Mate-choice copying under predation risk in the Trinidadian guppy (Poecilia reticulata)
Although females of numerous species possess genetically-based preferences for certain male traits and mate preferentially with males possessing these traits, recent theoretical and experimental evidence indicates that they may also copy (imitate) the mate choices of other females under certain circumstances. Such mate-choice copying is expected to be most prevalent when females have the opportunity to observe the mate choices of others and when mate choice is costly to females. One potential direct fitness cost of mate choice is increased individual risk of mortality due to predation. Here, we investigate for the first time the effect of increasing the apparent risk of predation on the tendency of females to copy the experimentally staged mate choice of another female. Using adult female guppies (Poecilia reticulata) originating from a Trinidadian population that experiences a relatively high fish predation pressure, we first establish that they possess a preference for the more brightly colored of two simultaneously presented males in the absence of both mate-copying opportunity and an immediate threat of predation. However, most females reversed their initial mate preference when given an opportunity to copy the mate preference of another female in the absence of predation threat. The proportion of females reversing their preference when given the opportunity to do so was not affected by increasing the apparent risk of (fish) predation. This result may be owing either to female guppies tending to copy the mate choice of others whenever the opportunity arises because the benefits of doing so accrue irrespective of the ambient risk of predation or to females choosing randomly between males with respect to their color pattern in the presence of the predator irrespective of mate-copying opportunity. These two explanations for the apparent lack of an effect of predation risk on mate-choice copying per se are both plausible but unfortunately could not be easily distinguished here. It may thus be possible, and interesting, that individual female guppies chose randomly between the available males in the presence of the predator but otherwise copied the choice of others when given the opportunity to do so.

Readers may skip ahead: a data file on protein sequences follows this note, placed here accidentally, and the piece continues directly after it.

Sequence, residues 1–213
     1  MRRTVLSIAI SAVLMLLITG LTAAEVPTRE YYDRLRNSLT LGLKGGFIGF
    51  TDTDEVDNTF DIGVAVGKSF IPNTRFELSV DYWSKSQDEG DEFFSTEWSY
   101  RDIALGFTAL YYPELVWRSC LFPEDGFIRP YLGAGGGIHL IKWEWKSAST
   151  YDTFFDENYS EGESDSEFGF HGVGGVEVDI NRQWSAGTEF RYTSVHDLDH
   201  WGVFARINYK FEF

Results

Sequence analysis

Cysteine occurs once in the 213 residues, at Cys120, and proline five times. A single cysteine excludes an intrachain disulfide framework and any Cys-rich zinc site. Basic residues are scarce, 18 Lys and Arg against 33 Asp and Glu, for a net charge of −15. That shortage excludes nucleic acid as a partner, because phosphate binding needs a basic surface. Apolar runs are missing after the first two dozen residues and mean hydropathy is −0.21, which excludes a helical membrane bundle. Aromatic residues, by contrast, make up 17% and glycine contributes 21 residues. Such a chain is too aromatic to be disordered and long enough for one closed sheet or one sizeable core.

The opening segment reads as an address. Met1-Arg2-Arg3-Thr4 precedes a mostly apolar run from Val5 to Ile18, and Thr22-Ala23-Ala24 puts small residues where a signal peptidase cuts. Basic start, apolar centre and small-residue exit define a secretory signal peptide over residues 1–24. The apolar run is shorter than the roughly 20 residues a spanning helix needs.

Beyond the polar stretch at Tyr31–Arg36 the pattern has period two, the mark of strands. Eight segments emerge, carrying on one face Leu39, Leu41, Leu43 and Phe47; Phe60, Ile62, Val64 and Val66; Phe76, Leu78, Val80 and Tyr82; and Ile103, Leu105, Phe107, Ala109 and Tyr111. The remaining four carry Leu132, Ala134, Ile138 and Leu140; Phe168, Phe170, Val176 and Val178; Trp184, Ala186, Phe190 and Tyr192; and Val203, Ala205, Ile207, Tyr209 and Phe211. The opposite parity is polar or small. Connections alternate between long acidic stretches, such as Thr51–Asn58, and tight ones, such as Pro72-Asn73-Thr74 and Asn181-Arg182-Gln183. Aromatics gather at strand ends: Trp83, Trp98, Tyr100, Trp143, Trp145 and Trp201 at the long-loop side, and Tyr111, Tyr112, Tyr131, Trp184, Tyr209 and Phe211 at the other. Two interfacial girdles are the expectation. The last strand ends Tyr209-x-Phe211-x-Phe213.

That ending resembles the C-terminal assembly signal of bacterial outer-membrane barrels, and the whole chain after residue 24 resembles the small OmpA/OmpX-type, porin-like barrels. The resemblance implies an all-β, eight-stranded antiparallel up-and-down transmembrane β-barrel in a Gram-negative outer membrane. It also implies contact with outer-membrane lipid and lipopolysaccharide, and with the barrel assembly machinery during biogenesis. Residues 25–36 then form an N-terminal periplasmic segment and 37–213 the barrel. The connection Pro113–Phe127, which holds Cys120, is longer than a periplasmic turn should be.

|Keywords||Copying, Guppy, Mate choice, Poecilia reticulata, Predation risk, Sexual selection|
Briggs, S.E. (Stephanie E.), Godin, J.-G.J, & Dugatkin, L.A. (Lee Alan). (1996). Mate-choice copying under predation risk in the Trinidadian guppy (Poecilia reticulata). Behavioral Ecology, 7(2), 151–157.